Layoffs increase substantially in October
December 03, 2001
In October 2001, there were 1,816 mass layoff actions by employers as measured by new filings for unemployment insurance benefits during the month. Each layoff action involved at least 50 persons from a single establishment, and the number of workers involved totaled 212,695.
The number of layoff events and initial claimants for unemployment insurance were the highest for the month of October since the series began in April 1995. Over the January-October 2001 period, the total number of events, at 16,221, and initial claims, at 1,935,871, were substantially higher than in January-October 2000, at 11,364 and 1,292,335, respectively.
These data are products of the Mass Layoff Statistics program. Mass layoffs data for September and October 2001 are preliminary and subject to revision. For more information, see news release USDL 01-446, Mass Layoffs in October 2001.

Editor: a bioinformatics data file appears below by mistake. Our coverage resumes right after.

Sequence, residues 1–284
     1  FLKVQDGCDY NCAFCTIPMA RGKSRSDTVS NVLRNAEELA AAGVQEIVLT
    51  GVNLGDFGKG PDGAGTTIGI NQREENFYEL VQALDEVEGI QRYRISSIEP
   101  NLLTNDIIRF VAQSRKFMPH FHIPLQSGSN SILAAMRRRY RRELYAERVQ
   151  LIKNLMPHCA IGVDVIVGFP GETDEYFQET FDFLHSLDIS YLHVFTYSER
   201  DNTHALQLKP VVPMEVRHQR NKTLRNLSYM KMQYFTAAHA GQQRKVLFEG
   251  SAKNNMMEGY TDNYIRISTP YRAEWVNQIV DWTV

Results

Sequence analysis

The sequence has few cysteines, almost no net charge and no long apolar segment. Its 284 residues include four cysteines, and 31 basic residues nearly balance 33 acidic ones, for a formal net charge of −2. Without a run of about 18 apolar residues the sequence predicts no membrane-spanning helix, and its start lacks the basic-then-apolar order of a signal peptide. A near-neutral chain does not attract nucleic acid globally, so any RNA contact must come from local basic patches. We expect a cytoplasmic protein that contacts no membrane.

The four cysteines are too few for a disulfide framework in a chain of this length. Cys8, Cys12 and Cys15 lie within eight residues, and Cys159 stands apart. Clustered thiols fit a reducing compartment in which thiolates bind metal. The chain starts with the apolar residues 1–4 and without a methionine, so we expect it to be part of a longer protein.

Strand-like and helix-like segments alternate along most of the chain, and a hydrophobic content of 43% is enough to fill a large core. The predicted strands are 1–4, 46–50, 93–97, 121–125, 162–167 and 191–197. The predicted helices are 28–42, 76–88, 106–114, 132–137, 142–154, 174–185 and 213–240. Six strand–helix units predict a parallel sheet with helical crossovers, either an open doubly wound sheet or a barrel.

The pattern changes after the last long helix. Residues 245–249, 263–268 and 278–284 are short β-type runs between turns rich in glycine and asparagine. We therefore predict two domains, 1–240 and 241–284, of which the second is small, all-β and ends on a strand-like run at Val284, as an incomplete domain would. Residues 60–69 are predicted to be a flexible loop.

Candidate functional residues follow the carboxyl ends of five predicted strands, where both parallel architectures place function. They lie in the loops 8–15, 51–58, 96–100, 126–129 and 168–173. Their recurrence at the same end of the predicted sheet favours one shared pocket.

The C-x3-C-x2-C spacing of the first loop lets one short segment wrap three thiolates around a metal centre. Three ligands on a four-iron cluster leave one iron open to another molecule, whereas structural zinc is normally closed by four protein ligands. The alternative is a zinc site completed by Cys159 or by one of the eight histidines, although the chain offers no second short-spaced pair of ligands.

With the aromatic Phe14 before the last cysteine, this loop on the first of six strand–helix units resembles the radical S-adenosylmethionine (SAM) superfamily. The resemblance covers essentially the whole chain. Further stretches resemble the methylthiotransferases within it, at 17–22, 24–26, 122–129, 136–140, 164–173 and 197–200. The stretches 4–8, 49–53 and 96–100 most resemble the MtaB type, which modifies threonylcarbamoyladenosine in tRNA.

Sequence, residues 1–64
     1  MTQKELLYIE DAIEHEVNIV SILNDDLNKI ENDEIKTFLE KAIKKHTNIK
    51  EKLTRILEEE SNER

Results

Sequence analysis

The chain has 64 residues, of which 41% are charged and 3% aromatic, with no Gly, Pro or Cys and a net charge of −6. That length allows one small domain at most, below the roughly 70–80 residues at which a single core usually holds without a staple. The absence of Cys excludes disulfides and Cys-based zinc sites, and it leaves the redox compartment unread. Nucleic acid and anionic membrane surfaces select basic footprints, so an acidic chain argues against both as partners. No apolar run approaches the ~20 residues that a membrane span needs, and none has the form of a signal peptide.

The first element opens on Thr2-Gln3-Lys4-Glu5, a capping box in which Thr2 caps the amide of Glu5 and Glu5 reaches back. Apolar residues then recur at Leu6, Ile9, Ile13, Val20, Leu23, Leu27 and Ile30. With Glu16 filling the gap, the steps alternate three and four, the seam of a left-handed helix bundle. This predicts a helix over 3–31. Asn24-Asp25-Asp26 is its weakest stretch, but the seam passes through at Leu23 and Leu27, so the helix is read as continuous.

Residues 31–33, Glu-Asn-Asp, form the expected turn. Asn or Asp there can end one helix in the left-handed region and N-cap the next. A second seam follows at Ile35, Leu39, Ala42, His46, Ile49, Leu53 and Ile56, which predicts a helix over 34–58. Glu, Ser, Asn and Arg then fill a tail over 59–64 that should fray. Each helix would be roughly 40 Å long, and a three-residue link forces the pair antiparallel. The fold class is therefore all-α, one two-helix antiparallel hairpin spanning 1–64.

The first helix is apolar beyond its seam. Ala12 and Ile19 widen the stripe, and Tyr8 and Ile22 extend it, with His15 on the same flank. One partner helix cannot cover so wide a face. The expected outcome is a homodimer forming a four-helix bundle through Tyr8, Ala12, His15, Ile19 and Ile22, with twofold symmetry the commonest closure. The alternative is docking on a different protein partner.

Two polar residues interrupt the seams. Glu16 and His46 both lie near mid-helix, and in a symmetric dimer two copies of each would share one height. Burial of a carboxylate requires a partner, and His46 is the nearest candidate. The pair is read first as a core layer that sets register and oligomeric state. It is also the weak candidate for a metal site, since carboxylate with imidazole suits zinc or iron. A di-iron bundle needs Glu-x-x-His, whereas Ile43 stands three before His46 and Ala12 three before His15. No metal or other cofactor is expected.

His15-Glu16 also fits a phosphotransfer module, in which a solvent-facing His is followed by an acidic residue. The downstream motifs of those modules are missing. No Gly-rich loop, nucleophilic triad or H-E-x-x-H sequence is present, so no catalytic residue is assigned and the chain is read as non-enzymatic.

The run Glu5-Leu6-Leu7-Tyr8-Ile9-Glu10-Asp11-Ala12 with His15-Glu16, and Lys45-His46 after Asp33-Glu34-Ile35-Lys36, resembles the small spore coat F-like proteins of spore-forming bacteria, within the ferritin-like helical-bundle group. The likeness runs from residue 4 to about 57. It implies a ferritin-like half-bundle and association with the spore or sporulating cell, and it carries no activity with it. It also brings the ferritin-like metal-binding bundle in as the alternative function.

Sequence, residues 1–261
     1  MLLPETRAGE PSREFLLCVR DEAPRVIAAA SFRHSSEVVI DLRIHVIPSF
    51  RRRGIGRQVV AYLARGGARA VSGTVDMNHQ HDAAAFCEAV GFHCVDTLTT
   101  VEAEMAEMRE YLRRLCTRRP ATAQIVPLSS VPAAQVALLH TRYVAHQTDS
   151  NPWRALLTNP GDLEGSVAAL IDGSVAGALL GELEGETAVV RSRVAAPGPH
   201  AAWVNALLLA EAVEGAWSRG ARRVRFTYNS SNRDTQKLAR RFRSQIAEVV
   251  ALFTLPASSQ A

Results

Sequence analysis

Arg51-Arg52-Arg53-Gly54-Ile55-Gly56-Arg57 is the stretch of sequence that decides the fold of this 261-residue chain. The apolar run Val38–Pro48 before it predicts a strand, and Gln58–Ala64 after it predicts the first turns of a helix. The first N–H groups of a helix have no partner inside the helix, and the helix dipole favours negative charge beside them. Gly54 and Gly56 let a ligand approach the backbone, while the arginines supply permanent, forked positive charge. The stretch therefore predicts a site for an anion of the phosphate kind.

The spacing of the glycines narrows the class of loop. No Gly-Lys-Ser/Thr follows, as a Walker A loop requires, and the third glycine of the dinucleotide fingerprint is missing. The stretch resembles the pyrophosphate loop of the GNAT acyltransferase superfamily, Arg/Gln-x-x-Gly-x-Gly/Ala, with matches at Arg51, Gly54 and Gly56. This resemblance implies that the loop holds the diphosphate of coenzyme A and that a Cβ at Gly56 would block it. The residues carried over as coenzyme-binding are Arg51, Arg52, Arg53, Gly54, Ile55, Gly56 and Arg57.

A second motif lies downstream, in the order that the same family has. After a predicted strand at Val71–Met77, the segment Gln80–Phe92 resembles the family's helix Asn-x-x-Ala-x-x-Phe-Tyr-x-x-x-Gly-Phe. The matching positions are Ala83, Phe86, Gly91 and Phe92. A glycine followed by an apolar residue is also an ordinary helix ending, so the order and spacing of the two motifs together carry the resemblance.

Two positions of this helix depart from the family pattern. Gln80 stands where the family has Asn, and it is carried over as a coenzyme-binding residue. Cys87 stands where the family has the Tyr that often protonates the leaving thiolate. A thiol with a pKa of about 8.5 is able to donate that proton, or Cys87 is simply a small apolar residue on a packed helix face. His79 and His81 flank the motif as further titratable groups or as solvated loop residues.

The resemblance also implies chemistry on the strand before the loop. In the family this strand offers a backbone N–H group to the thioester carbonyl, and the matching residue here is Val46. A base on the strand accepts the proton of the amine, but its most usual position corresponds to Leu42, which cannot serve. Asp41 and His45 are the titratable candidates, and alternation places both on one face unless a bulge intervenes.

Bureau of Labor Statistics, U.S. Department of Labor, The Economics Daily, Layoffs increase substantially in October on the Internet at http://www.bls.gov/opub/ted/2001/dec/wk1/art01.htm (visited September 26, 2016).
Recent editions of Spotlight on Statistics
A look at healthcare spending, employment, pay, benefits, and prices
As one of the largest U.S. industries, healthcare is steadily growing to meet the needs of an increasing population with an increasing life expectancy. This Spotlight looks at how much people spend on healthcare, current and projected employment in the industry, employer-provided healthcare benefits, healthcare prices, and pay for workers in healthcare occupations.
Employment and Wages in Healthcare Occupations
Healthcare occupations are a significant percentage of U.S. employment. Some of the largest and highest paying occupations are in healthcare. This Spotlight examines employment and wages for healthcare occupations.
Fifty years of looking at changes in peoples lives
Longitudinal surveys help us understand long-term changes, such as how events that happened when a person was in high school affect labor market success as an adult.